Corruption or incompetence? That’s the eternal question with boxing’s unending flirtation with scripted reality television. Are the people who pull the levers that turn the gears and ultimately decide the course of fighters’ careers crooked or are they just dumb? Or both?
In order to make sense of the 12 round majority decision junior middleweight Jaime Munguia (33-0, 26 KO) was awarded over Irishmen Dennis Hogan (28-2-1, 7 KO) Saturday night Monterrey, Mexico on DAZN, let’s first ask ourselves a couple questions.
Was Munguia supposed to win? Yes
Did Hogan deserve to win? Yes
Was it a robbery? Probably
Should we be surprised by any of this? Absolutely not
At this point, one of two things can happen: Boxing can have a sweeping overhaul of its current judging system, including advanced training for current ones, suspensions for inept ones and a more rigorous accreditation process for new ones.
We as fans can recalibrate what we consider to be surprising outcomes.
I’ll leave it to you determine which of these scenarios feels more likely as I contemplatively stare out the window in silence while wearing a turtleneck and eating a yogurt cup with my fingers.
And that’s the thing. Boxing has no incentive to change. For all our Saturday night rage tweets the slate is clean by Monday and we’re on to talking about the fights in the coming weekend. If the garbage man takes a shit in your trash bin every Tuesday morning, all the over-the-fence bitching in the world to your morbidly obese neighbor Ken isn’t going to stop him if you keep dragging the cans out to the curb. Sorry, this just got sort of personal and I should probably take it up with the municipal department.
Point is, if something happens at the frequency of a lesser-known fighter wandering into hostile territory to pad the stats of a highly-regarded prospect, outperforming his expected talent level and ultimately losing a close but deserved decision does, it’s not exactly shocking. It’s merely the less likely of two expected outcomes. And that’s sad.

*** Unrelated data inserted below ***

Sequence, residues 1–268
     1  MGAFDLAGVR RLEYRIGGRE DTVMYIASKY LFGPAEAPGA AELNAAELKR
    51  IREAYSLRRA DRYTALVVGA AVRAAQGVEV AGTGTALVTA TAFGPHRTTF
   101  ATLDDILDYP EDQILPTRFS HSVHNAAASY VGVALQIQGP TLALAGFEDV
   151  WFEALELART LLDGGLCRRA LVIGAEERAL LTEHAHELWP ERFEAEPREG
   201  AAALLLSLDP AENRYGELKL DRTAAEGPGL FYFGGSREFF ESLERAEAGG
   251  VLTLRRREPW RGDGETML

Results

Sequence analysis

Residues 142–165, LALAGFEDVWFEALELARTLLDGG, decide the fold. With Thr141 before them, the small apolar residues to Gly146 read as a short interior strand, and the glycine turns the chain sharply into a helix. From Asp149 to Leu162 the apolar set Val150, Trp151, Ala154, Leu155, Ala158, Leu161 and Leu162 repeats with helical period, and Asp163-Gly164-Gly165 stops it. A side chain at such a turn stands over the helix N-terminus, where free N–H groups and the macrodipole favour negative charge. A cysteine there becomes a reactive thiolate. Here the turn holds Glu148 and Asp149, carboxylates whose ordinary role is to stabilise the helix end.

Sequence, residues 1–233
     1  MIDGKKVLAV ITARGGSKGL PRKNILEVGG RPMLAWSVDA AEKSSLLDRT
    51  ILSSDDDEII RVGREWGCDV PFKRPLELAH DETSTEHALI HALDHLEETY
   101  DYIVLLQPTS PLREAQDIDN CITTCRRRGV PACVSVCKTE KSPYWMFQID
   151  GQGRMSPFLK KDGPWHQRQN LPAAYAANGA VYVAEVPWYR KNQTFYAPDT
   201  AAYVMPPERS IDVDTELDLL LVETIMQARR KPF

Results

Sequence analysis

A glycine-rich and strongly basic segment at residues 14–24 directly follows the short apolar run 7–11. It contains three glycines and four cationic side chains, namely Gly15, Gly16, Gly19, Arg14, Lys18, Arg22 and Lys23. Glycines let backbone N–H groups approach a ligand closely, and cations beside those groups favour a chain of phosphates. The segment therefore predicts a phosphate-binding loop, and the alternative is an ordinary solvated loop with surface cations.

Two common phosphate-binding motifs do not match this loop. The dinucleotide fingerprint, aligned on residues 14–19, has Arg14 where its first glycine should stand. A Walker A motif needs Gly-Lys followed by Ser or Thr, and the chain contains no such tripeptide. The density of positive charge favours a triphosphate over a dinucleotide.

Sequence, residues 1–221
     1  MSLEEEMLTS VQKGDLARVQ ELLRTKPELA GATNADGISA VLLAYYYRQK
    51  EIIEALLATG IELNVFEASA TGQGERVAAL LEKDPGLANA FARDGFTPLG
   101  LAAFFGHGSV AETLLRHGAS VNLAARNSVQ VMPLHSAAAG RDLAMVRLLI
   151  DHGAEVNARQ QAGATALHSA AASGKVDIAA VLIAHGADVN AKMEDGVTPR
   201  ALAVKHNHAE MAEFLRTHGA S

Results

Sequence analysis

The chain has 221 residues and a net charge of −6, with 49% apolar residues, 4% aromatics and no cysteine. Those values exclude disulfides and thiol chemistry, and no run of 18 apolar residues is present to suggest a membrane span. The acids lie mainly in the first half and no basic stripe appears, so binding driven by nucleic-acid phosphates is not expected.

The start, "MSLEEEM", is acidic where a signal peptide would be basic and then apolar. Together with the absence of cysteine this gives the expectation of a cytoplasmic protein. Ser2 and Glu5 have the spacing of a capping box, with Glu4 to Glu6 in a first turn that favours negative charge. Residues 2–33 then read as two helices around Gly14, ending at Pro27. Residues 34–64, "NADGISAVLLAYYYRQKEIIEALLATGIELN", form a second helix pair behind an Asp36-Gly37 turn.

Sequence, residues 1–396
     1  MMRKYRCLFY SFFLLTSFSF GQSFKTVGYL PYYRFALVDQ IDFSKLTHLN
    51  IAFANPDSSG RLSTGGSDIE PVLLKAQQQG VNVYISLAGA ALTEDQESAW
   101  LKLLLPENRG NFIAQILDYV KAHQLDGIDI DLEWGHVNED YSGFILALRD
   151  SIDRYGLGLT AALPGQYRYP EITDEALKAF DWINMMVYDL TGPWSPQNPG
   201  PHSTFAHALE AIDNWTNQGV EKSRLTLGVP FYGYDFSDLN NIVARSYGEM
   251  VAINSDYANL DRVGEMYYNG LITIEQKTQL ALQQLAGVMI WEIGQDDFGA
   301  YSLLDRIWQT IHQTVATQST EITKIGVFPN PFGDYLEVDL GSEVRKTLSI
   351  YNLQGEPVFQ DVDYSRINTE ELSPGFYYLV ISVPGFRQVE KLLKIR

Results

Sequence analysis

There’s probably no more fitting image for the current stratification of boxing social classes than a chubby Oscar De La Hoya grinning sheepishly as he celebrates with his undeserving Golden Boy promoted fighter while a gutted Dennis Hogan shakes his head despondently just feet away.
The other reason these lapses in judgment from the people that get paid to make them are so disheartening, in this case anyway, is that it takes the attention away from what was a pretty damn good fight.
Munguia came out fast, looking to make a statement only to find that Hogan’s vastly underrated footwork was going to make that a difficult task. By the third round Munguia was swinging and missing so hard that he was putting out forest fires in Canada but the body shots he landed were having a clear effect on Hogan.
By the middle rounds Hogan was not only in the fight but having his way in spots and making the hometown fighter uncomfortable enough that he asked his corner multiple times between rounds who was winning.
In the seventh round Dennis Hogan found yet another gear and started seriously tagging Munguia with shots that, had he possessed more power, may have had the Mexican star in serious trouble.